Public companies need to carefully consider their obligations in disclosing the coronavirus pandemic’s effect on their operations, liquidity, and capital resources, according to staff guidance issued Tuesday by the SEC Division of Corporation Finance.
The division is monitoring how companies are disclosing the effects and risks related to the pandemic on their businesses, financial condition, and operating results. The staff guidance has no legal force or effect, but it provides the views of the Division of Corporation Finance on pandemic-related issues.
The guidance encourages companies to provide disclosures that help investors evaluate the current and expected impact of the pandemic through the eyes of management. As facts and circumstances change, companies are advised to proactively revise and update disclosures.
Companies are encouraged to carefully disclose information on topics such as a transition to telework, supply chain and distribution adjustments, and suspensions or modifications to operations to comply with health and safety guidelines.
The guidance encourages robust and transparent disclosures about how companies are dealing with liquidity and funding risks and how they are evaluating whether this information should be included in management’s discussion and analysis.
The division also includes questions to consider regarding disclosure of financial assistance provided through the government by the Coronavirus Aid, Relief, and Economic Security (CARES) Act, P.L. 116-136.
In addition, the guidance states that management should consider whether conditions and events, taken as a whole, raise substantial doubt about the company’s ability to meet its obligations as they become due within one year after the issuance of the financial statements.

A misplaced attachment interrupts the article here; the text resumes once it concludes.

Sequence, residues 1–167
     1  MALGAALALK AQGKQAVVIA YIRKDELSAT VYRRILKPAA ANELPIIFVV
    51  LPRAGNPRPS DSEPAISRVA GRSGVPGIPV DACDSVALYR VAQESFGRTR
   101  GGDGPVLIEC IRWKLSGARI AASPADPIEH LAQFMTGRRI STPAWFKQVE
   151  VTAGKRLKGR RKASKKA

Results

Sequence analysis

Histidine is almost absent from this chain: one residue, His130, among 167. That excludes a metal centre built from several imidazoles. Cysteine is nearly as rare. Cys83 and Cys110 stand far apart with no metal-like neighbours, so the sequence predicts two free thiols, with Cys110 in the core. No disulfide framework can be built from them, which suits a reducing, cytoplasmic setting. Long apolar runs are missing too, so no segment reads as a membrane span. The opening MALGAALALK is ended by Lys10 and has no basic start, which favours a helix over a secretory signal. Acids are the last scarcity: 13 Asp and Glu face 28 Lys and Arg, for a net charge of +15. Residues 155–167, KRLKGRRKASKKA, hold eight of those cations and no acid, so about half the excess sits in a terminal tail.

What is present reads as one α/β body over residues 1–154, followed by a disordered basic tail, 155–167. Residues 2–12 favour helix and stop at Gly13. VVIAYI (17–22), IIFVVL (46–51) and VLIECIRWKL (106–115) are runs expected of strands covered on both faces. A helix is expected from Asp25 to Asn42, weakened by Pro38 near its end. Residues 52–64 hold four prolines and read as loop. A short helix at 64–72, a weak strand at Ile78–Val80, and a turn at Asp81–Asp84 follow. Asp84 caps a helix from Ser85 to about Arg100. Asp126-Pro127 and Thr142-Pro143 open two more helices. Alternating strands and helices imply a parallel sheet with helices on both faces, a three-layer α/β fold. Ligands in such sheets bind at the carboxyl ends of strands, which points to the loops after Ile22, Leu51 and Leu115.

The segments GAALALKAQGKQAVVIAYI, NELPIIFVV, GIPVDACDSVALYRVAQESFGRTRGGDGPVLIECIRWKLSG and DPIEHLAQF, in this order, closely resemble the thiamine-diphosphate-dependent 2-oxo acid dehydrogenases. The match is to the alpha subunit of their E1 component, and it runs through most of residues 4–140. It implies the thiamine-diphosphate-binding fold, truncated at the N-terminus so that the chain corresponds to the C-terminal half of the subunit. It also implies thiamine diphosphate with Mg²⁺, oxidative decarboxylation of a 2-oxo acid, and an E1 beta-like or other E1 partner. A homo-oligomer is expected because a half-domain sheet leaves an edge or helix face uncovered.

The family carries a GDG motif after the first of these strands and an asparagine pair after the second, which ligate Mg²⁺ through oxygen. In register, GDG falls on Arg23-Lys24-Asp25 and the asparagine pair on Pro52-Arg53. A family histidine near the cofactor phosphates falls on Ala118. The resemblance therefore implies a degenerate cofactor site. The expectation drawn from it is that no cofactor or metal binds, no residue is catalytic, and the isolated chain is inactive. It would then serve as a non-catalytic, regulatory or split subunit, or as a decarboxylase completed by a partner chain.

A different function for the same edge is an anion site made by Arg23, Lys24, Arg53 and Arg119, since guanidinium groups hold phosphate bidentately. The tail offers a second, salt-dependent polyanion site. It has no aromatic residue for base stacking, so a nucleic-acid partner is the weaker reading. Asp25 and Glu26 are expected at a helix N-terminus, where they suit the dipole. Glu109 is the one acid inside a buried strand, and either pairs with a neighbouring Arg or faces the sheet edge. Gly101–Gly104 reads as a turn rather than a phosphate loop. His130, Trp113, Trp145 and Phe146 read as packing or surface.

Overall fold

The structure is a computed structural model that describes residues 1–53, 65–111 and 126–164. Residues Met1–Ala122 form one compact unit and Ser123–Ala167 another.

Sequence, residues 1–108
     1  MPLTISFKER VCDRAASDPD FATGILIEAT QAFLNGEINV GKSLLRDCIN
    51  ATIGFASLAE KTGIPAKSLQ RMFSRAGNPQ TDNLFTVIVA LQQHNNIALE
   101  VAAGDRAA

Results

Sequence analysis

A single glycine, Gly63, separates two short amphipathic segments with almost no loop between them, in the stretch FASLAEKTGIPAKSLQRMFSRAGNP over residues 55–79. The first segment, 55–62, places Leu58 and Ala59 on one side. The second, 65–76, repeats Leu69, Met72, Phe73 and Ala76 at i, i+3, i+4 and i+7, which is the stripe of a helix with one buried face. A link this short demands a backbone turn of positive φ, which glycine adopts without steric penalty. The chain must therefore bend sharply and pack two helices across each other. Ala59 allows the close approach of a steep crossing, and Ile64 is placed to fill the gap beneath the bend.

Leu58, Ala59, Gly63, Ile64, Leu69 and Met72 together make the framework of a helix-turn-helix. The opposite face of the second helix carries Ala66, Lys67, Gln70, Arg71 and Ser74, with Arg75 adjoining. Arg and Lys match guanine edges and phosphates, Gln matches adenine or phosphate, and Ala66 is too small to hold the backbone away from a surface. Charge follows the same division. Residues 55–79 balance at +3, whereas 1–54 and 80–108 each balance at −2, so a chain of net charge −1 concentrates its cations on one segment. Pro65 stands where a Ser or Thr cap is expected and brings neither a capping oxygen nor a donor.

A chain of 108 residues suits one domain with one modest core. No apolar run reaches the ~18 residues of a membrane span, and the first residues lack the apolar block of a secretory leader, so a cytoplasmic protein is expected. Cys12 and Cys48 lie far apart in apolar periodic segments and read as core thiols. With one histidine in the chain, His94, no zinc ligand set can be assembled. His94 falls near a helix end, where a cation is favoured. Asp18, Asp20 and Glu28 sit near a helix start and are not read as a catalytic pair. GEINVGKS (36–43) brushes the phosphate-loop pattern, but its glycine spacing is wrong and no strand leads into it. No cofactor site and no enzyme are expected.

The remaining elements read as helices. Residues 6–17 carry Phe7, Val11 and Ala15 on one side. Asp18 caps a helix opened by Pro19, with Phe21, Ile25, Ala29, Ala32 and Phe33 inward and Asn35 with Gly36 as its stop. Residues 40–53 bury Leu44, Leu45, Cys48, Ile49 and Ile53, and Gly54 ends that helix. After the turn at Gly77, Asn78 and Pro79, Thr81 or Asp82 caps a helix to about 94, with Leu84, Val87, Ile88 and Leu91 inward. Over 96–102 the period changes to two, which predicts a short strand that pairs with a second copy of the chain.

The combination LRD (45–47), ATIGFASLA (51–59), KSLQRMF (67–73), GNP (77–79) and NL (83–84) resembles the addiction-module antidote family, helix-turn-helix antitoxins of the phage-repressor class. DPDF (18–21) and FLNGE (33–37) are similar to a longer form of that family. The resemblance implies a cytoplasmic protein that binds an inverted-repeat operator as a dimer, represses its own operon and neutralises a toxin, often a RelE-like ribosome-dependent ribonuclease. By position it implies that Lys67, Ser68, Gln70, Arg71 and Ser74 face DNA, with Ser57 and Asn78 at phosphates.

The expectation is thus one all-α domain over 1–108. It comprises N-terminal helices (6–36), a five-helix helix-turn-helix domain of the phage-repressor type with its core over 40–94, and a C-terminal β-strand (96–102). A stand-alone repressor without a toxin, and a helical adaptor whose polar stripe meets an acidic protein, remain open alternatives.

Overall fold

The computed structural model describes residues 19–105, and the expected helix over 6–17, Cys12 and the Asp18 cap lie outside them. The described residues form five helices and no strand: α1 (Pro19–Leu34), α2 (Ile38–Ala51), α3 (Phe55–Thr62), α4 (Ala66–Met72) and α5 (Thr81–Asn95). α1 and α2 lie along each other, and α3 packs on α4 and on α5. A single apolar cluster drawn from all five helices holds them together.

When substantial doubt exists about a company’s ability to continue as a going concern or the substantial doubt is alleviated by management’s plans, the guidance says management should provide the appropriate disclosures.
SEC Chief Accountant Sagar Teotia also issued a statement Tuesday that mentioned the role of the SEC Office of the Chief Accountant (OCA) on high-quality financial reporting. Teotia’s comments included:
- “Companies should ensure that significant judgments and estimates are disclosed in a manner that is understandable and useful to investors, and that the resulting financial reporting reflects and is consistent with the company’s specific facts and circumstances.”
- “If any change materially affects, or is reasonably likely to materially affect, an entity’s [internal control over financial reporting], such change must be disclosed in quarterly filings in the fiscal quarter in which it occurred (or fiscal year in the case of a foreign private issuer).”
- “Auditor independence is a shared responsibility among audit committees, management, and their auditors. We believe that when each of these groups work together, it fosters the most effective environment to achieve compliance with the independence rules, and we remain available for consultation on these matters.”
— Ken Tysiac (Kenneth.Tysiac@aicpa-cima.com) is the JofA’s editorial director.